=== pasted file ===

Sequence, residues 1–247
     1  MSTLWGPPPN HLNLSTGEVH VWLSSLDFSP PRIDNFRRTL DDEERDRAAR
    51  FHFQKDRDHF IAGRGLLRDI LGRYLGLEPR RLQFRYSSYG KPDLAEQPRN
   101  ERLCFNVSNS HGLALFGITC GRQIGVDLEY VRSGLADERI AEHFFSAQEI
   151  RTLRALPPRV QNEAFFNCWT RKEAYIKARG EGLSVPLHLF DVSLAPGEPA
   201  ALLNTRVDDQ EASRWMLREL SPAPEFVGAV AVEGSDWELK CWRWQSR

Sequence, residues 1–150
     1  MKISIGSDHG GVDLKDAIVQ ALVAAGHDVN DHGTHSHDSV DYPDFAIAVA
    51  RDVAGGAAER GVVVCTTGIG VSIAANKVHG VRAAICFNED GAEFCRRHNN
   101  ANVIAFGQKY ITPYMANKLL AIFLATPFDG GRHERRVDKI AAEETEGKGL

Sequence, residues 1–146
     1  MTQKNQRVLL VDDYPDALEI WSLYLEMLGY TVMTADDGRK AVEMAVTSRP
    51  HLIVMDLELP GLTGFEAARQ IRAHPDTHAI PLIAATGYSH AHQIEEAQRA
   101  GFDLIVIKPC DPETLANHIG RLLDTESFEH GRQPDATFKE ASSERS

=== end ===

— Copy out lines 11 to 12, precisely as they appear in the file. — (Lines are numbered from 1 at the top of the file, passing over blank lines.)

Sequence, residues 1–146
     1  MTQKNQRVLL VDDYPDALEI WSLYLEMLGY TVMTADDGRK AVEMAVTSRP